Which shall it be? Gulab Jamoon, Sawine, Barfi, Nankathai, Halwa, Maleeda…cake and cookies…ice cream…currants rolls, sweetbread, basboosa, baklava…what are you making? what are you looking forward to enjoying at Muslim homes this Eid? Have a list? Have you bought ingredients, started mixing, setting aside insect-free zones for storage? What’s on your Eid sweet menu this year?
Eid ul Fitr is almost upon us and Muslim homes everywhere have probably been indundated with sugar and spice and everything nice for days all in readiness for the big day. Sweet preparation in the Muslim Trini home begins well before Eid, as there is no way it can all be done the night before. Even the main dishes and savouries may require some advance preparation from milling dhal for dhalpuri, kachourie and saheena or baigani, grating coconut, prepping and seasoning various meats, the work required can seem endless.
And somewhat ironic to others, since much of this preparation, as with cooking for an iftar, is underway while the cooks and helpers are fasting. So no nibbling of treats, or tasting of delights. Some, like my mother, will tell you they have learned to smell when the food has enough salt! Well certainly, some of the food during Ramadan, and Eid is the best you will ever taste. And it’s not just because you spent a day (or the whole month) deprived and thinking of food to celebrate the end of the fast, planning menus of favourites and salivating prior to the day. It may have something to do with the communal spirit that Ramadan can engender (and this goes for all Muslim communities) where there are nightly congregrational prayers, quite apart from the communal iftars, whether they be in universities, villages and towns, or in homes with family and friends. Food is a joy, and a blessing best partaken with others. And Ramadan, that time in the Muslim calendar when we fast to increase our awareness of God and try to improve our behaviour, brings out the best in us. And the best in our food. Add in that extra family and community time, and how could the food not be the best for Eid ul Fitr?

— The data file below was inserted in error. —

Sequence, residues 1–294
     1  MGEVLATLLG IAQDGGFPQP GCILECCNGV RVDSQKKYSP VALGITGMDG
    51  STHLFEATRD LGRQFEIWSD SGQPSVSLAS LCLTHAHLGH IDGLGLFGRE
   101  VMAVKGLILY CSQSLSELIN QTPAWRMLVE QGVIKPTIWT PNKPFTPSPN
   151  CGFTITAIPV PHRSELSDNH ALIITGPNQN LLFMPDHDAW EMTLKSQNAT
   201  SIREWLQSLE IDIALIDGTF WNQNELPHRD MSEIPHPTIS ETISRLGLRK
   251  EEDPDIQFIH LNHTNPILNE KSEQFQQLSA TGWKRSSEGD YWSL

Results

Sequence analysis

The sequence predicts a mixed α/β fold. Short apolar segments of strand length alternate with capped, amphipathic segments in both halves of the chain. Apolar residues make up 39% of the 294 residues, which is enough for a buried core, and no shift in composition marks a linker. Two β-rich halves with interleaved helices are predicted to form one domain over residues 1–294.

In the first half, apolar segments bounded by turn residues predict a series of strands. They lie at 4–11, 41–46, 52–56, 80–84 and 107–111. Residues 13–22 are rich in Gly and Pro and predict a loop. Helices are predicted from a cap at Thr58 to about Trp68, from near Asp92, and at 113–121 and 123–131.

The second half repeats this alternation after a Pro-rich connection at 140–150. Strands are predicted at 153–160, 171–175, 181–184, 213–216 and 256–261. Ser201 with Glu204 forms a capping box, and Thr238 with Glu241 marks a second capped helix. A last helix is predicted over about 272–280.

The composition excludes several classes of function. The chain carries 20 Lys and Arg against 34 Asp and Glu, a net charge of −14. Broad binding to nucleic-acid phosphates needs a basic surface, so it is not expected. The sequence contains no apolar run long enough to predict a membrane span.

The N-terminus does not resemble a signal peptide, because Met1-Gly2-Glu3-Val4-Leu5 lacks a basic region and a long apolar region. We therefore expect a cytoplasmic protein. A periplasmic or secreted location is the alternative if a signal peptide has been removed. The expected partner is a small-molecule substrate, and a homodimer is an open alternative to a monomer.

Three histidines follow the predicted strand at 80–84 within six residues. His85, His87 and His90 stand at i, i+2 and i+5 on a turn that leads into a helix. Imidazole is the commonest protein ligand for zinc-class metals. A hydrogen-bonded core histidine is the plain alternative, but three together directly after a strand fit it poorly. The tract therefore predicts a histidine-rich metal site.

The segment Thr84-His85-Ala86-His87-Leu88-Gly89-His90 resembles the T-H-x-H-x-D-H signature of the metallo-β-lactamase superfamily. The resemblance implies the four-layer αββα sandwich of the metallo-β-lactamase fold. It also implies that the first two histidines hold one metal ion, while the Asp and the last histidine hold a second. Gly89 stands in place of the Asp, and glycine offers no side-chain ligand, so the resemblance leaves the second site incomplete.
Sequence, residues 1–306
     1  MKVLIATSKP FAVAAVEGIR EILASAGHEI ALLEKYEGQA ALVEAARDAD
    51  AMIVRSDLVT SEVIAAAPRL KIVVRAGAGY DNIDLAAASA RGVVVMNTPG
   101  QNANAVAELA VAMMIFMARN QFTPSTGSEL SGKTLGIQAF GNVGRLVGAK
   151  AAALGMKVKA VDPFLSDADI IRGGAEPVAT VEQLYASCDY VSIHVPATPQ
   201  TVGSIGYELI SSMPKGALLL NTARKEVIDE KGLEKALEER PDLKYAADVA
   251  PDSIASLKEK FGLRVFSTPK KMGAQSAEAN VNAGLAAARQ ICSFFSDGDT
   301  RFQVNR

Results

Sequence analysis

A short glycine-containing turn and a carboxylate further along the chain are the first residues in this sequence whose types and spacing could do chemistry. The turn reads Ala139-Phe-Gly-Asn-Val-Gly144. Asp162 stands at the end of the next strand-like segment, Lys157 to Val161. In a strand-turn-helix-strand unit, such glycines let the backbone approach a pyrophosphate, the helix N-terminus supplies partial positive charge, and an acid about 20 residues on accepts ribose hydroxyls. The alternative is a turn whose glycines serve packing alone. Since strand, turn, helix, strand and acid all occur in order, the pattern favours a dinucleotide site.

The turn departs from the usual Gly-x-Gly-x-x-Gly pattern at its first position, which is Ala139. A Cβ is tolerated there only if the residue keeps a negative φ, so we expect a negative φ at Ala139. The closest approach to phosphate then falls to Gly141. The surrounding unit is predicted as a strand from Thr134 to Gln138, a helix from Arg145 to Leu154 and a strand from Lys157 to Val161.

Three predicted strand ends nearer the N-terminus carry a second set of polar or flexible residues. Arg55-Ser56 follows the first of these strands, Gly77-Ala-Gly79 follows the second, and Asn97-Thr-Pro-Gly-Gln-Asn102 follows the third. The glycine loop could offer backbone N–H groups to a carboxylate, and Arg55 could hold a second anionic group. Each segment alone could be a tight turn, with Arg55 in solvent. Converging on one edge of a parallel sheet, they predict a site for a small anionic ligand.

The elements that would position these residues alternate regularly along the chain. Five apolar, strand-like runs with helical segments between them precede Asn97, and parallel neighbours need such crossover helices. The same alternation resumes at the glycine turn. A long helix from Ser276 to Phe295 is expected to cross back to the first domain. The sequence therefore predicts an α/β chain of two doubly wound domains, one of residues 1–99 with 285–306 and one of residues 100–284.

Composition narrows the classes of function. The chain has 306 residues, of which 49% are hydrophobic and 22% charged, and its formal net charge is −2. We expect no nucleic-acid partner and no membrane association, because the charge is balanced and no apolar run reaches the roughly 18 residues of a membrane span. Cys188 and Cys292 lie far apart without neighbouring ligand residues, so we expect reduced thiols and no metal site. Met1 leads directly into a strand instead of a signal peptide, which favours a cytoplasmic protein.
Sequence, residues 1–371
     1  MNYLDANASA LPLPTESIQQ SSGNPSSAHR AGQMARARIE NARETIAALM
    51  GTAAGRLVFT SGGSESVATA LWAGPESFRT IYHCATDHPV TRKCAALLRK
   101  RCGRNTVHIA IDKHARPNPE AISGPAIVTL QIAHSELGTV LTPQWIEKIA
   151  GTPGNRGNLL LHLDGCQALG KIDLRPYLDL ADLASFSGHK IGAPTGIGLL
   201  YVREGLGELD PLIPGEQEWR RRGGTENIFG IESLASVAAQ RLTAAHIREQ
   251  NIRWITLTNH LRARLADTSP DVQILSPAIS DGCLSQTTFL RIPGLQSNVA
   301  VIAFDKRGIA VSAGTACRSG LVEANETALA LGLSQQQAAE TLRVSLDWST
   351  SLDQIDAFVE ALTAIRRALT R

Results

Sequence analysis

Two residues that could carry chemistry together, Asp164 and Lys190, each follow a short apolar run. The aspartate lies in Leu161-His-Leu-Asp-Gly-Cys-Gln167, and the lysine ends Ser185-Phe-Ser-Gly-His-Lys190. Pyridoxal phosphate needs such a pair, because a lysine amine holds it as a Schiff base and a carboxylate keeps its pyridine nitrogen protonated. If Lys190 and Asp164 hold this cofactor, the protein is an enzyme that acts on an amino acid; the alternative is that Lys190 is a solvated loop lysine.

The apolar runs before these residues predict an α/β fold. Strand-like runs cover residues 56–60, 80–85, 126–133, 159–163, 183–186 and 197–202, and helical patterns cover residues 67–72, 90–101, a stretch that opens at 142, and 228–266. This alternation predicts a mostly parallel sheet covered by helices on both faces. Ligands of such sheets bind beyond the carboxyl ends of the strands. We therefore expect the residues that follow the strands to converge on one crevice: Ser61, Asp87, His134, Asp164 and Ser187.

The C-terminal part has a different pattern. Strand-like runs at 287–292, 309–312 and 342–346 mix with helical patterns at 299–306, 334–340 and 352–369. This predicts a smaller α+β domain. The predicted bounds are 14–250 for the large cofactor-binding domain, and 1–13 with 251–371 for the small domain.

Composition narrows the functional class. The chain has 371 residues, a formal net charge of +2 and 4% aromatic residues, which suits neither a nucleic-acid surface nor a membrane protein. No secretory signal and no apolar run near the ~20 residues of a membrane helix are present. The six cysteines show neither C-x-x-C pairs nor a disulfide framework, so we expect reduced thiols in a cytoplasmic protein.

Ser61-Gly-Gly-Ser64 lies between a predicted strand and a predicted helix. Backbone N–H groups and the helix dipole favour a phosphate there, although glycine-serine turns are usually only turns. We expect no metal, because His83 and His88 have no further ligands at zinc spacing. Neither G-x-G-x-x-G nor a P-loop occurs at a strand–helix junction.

The sweets are the top priority. Sawine, with the browned vermicelli noodles in a sweet spiced milk, is a must. In our village in Trinidad, we still share sawine to our non-Muslim neighbours, and over the years we have added little packages of treats. This is quite apart from being invited home to share in the celebrations. Halwa, whether made from rice flour, white flour or other porridge ingredients, is also a popular and identifiably Muslim sweet in Trinidad. Kurma and Gulab Jamoon are addictive with their crunchy fried exteriors and sweet sugary coating. If you are armed with semolina and phyllo pastry, you can indulge in some basboosa and baklava, syrupy middle eastern goodies. Mmmm.
But judging by my stats, one alone will reign supreme this Eid ul Fitr. Barfi Rules. Homes everywhere will be enjoying this milky sweet, covered with candy sprinkles. (ok…not everywhere, but for the past 2 months, the Barfi Recipe has been my top post on an almost daily basis!). I fly home tomorrow, and already the schedule has been planned for the sweet making and cooking. Barfi is Mom’s specialty, although I usually get the first task of mixing the powdered milk and cream, but basboosa is on the menu and that is for Lilandra and me!
For all those who have come in search of barfi, I hope you were pleased and I would love to hear from you, from wherever you are and especially if you made it.
(And of course, enjoy and make the most of the last couple days of Ramadan!)
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